Where do I start?
Studies have revealed that 1 in 4 people suffer from back pain at some stage in their lives. If you compare that to other pains, aches or medical conditions it is a very high statistic and yet it is one problem that does not appear to have a structured approach to its management and/or treatment.
How many articles do you see in the newspaper on Back Pain and how many millions of references on the Internet will you find if you type in ‘back’ and ‘pain’ together.
How can you sieve through all this literature and decide what is relevant to you, and then make an informed decision on what is the best path for you to take in your quest for pain relief from your specific affliction.
How many people claim to be able to treat back pain, and how many people run from ‘Billy to Jack’ and back again to ‘Billy’ in an attempt at relieving themselves of this scourge.
You’ll find orthopaedic and neurosurgeons, rheumatologist and pain specialists, general practitioners, physiotherapists, osteopaths, chiropractors, massage therapists, acupuncturists, reflexologists, herbalists, holistic practitioners, spinologists and bone setters.
I am not going to attempt to tell you which of these work and which don’t or if they are recommended, safe or unsafe because I cannot say what will or won’t work for any individual without assessing them first. I am also not condoning or opposing any form of treatment in this article. All I am trying to do today is make you aware that there is no ONE right way of dealing with back pain, which works for everyone.
Unfortunately, the general public are faced with so many choices regarding their own back pain. Many of these recognised and alternative treatments can be nicely packaged and promoted in such a manner that the sufferer does not know what is likely to work for them.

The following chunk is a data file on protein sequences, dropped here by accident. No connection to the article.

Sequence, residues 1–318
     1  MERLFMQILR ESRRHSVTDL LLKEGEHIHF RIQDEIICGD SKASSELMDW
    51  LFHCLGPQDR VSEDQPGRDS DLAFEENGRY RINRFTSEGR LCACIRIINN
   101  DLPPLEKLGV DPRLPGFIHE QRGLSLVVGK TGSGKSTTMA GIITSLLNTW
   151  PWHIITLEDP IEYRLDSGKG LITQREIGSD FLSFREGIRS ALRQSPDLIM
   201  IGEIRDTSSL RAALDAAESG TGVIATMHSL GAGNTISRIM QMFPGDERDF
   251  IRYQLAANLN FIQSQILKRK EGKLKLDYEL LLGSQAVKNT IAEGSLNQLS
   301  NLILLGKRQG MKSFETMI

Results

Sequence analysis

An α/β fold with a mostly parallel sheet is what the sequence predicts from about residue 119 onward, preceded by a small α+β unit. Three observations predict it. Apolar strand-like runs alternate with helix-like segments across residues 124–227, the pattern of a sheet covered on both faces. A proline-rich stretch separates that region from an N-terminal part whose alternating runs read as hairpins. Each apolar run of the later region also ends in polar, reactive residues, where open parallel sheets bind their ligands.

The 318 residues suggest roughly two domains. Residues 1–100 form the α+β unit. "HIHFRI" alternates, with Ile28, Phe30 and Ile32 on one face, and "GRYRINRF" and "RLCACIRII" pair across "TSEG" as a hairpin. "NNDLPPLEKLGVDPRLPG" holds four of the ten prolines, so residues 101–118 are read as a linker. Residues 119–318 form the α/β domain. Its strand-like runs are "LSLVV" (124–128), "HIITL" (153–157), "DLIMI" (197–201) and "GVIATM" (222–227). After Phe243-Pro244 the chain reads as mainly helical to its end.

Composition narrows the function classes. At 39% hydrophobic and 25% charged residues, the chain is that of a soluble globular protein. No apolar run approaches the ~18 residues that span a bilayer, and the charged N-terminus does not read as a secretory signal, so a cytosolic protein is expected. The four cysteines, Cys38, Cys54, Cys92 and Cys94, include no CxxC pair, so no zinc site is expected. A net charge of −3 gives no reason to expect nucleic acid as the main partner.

What I plan to do over the next few weeks is discuss various causes of back pain in such a way that back sufferers may be able to relate a little better to their specific pain and perhaps point them in the right direction regarding what treatment/management to seek out.
In order to understand our backs, we need to take a look at the anatomy of the spine.
The spine is made up of seven cervical (neck) vertebrae, twelve thoracic (upper back) vertebrae and five lumbar (low back) vertebrae. These bones are designed to take weight in the front part and then to move relative to each other. They are held together by ligaments and moved by muscles. The nerves, which come out between these bones, supply all the organs of the body and activate the muscles of the body to make it move.
As all of these structures are packed closely together, any dysfunction of one, will have an effect on another.
Possible causes of Back Pain
Back Pain may be divided firstly into three categories:
(a) Acute Back Pain following a fall, accident, sport or sudden movement.
(b) Chronic Back Pain which the sufferer may have for a period of months or years. This could be caused by sedentary lifestyle or heavy manual work, poor posture, repetitive sports, structural problems etc.
(c) Acute on chronic pain, where the sufferer has a flare up of a chronic or previous back pain.
Types of Back Pain
Now, this is where it gets scary.
Any of the following can be the structure which causes your back pain, if it is due to a mechanical cause.
• Facet joints
It may also be a combination of several of these. There are also non-mechanical causes of back pain, which we won’t look into this time.
So, over the next few weeks I am going to look at each of these structures in detail and try to relay to you in what way they can cause pain and what you can do about it.
Next week we’ll look at discs.